“The Orville”: Interview with Seth MacFarlane and the Creative Team

The Orville (television series)The Orville”, while not in the “Star Trek” canon, has done much to restore the episodic tradition of the Original Series of Star Trek and its successor, The Next Generation.  What I mean by episodic is that for the most part each episode stands alone and is a self-contained story.  While there may be some two-parters, you don’t have the half-season or longer “story arcs” which have become common in the more indulgent era of cable and binge-watching on streaming services.

“The Orville” doesn’t take itself too seriously, but it is no sense a parody.  There are episodes which explore serious themes such as up-voting and down-voting on social networks.

On 2017-11-16, Seth MacFarlane, creator of the show, star, executive producer, and writer of some of the episodes, and his creative team visited Google for a presentation and question and answer session about the show.  It’s well worth watching, even though there are a few naughty words which wouldn’t make it past the network censors but were apparently fine with the Cultural Marxist commissars at Google.

Note how almost every Google attendee who asked a question began it with “So?”  This is how they show their submission to the collective.

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Author: John Walker

Founder of Ratburger.org, Autodesk, Inc., and Marinchip Systems. Author of The Hacker's Diet. Creator of www.fourmilab.ch.

7 thoughts on ““The Orville”: Interview with Seth MacFarlane and the Creative Team”

  1. John Walker:
    Note how almost every Google attendee who asked a question began it with “So?”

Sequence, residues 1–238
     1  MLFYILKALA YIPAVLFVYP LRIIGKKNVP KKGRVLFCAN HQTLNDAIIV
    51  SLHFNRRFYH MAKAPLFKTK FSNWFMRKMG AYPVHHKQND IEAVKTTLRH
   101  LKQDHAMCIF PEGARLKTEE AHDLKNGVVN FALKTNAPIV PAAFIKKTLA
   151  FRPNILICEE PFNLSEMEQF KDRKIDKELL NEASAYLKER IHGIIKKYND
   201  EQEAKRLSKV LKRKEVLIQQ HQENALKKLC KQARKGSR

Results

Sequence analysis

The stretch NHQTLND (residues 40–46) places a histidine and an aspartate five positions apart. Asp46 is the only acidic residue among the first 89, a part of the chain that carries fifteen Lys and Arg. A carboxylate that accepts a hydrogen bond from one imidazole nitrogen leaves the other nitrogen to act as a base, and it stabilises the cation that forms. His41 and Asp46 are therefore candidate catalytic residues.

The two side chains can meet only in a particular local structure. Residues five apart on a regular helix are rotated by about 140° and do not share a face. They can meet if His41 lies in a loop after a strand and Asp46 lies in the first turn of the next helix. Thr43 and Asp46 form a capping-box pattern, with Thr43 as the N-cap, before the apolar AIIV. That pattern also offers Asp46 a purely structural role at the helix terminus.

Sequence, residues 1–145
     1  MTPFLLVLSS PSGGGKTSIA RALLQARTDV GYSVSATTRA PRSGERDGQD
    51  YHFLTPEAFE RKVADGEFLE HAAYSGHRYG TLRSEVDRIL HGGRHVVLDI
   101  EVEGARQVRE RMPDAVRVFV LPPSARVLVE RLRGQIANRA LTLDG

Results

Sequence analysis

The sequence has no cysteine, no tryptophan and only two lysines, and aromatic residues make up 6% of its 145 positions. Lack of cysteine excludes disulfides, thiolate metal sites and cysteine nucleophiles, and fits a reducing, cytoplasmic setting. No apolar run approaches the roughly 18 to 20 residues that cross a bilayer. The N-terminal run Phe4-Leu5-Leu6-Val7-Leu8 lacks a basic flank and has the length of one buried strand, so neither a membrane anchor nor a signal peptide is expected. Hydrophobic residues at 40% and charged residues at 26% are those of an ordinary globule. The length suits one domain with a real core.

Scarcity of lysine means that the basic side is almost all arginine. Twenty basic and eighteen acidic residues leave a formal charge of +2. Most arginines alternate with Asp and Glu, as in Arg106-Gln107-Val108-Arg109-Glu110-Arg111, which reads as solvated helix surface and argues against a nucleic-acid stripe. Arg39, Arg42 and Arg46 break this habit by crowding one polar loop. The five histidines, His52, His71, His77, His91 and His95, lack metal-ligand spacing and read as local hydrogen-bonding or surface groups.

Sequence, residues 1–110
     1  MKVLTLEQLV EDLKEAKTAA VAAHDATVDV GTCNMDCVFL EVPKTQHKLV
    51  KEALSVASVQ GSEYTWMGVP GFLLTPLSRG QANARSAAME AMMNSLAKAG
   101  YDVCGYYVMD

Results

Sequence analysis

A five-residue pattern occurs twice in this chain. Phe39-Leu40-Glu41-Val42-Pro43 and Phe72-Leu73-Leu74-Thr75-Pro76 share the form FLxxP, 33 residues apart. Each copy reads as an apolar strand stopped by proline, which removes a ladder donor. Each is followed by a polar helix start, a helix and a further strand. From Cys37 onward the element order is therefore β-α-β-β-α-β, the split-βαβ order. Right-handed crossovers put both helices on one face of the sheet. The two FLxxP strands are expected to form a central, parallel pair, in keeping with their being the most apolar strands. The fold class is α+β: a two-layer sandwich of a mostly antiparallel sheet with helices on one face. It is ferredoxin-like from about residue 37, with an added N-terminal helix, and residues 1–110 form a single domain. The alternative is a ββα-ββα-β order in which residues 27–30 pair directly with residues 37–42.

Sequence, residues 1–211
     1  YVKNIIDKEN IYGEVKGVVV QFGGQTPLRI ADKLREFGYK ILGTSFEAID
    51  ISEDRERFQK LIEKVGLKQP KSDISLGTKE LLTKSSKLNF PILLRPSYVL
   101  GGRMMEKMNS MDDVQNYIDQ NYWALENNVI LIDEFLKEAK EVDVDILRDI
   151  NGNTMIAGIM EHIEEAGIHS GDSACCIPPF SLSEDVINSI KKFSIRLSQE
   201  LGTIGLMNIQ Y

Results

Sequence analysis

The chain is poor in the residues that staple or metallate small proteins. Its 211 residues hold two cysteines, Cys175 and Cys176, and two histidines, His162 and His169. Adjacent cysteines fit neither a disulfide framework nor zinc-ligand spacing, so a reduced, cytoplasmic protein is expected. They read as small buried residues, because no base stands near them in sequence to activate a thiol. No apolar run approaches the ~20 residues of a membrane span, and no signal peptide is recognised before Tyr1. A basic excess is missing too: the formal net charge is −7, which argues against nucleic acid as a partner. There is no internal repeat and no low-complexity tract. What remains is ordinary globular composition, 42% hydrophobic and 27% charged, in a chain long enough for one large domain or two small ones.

So I always think of that as the way SJW’s try to impute odious views on people they don’t like. For example, “So, are you saying that you are in favor of beating your wife?” So it’s the question variant of Cathy Newman’s “you’re saying that…”: instead of an assertion, it’s an innocent-sounding question.

    So given that the Google droids aren’t using so in a hostile manner, it might just be a millennial tic like uptalk and vocal fry.

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  2. What struck me about the Google audience was less the “So…” than their cutesy toss-it microphone.

    The Orville crew themselves were enjoyable, insightful, and fun.

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  3. I think they really were saying “sew,” not “so.” It is a form of obeisance to the matriarchy, an acknowledgement of the natural superiority of the female over the male by the true believers in the Church of Social Justice. 

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  4. Seawriter:
    I think they really were saying “sew,” not “so.” It is a form of obeisance to the matriarchy, an acknowledgement of the natural superiority of the female over the male by the true believers in the Church of Social Justice. 

    To me this sounds like patriarchal stereotyping of womyn.

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  5. drlorentz:

    Seawriter:
    I think they really were saying “sew,” not “so.” It is a form of obeisance to the matriarchy, an acknowledgement of the natural superiority of the female over the male by the true believers in the Church of Social Justice. 

    To me this sounds like patriarchal stereotyping of womyn.

    Well, it could not be sow. Sowing produces something, and these folks are not into producing actual, like, things.

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  6. Seawriter:

    drlorentz:

    Seawriter:
    I think they really were saying “sew,” not “so.” It is a form of obeisance to the matriarchy, an acknowledgement of the natural superiority of the female over the male by the true believers in the Church of Social Justice. 

    To me this sounds like patriarchal stereotyping of womyn.

    Well, it could not be sow. Sowing produces something, and these folks are not into producing actual, like, things.

    That’s mansplaining. Sewing produces things too.

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